Decision Date: June 16, 1997
Court: B.C.S.C. Hood, J.
Cite: (1997), 23 C.E.L.R. (N.S.) 170 (B.C.S.C.)
Keywords: Forest Practices Code – ss. 141, 126(1); statutory interpretation; plain reading and meaning of words; avoidance of repugnancy; MacKeigan v. Hickman
International Forest Products Ltd. appealed the March 1997 decision of the Forest Appeals Commission affirming that the company contravened the Forest Road Regulation. On a motion for partial directions, pursuant to Rule 49 of the Supreme Court Rules, Interfor sought a ruling on whether it needed to obtain “leave to appeal” from the Supreme Court in order to appeal a decision of the Commission. At issue was the interpretation to be given to section 141 of the Code.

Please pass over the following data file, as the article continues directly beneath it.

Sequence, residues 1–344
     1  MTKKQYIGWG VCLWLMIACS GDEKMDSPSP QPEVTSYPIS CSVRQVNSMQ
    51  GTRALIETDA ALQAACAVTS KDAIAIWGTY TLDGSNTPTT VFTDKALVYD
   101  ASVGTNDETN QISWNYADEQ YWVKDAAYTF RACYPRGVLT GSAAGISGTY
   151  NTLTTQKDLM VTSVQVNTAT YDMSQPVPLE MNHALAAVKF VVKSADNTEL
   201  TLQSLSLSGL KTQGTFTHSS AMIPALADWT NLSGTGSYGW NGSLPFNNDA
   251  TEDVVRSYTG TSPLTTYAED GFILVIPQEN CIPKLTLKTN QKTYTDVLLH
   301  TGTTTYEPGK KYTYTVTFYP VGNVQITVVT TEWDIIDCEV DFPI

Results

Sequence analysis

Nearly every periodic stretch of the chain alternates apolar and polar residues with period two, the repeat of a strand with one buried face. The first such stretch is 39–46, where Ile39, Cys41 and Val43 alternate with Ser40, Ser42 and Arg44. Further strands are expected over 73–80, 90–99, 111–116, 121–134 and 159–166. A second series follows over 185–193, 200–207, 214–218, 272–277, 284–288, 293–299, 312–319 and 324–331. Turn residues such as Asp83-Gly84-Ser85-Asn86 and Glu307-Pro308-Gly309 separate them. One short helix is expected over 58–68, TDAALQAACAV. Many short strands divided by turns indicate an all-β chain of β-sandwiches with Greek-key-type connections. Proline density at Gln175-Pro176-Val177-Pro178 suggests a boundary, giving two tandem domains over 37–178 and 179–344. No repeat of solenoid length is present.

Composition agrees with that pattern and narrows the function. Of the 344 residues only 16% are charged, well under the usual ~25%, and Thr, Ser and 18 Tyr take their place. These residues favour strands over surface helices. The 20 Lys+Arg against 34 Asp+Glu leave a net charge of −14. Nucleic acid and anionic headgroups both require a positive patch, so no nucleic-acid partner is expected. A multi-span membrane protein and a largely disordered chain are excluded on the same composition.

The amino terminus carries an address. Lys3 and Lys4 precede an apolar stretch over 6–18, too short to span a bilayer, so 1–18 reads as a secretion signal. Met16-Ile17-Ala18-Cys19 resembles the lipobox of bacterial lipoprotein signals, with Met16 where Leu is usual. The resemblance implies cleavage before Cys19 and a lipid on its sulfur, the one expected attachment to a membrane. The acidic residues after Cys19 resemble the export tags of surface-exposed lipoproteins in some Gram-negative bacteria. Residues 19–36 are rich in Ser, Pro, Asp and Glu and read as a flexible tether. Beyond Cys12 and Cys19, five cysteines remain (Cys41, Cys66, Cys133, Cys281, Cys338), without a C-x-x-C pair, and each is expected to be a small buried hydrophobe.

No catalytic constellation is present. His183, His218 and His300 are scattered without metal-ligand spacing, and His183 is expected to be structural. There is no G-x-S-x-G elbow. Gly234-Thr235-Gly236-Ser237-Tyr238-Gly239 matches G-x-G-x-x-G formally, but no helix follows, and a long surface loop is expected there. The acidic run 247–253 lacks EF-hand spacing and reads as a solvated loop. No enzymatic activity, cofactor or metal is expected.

The Court noted that the parts of a statute are presumed to fit together logically to form a rational, internally consistent framework. Subsection 141(1) of the Code was therefore interpreted in conjunction with subsections (2) and (3). The Court concluded that the best way to give effect to the subsections’ individual purposes, while avoiding conflict between them, was to read the word “application” as “application for leave to appeal” throughout section 141. Therefore appeal to the Supreme Court from a decision of the Forest Appeals Commission is not an appeal as of right. Costs of application awarded.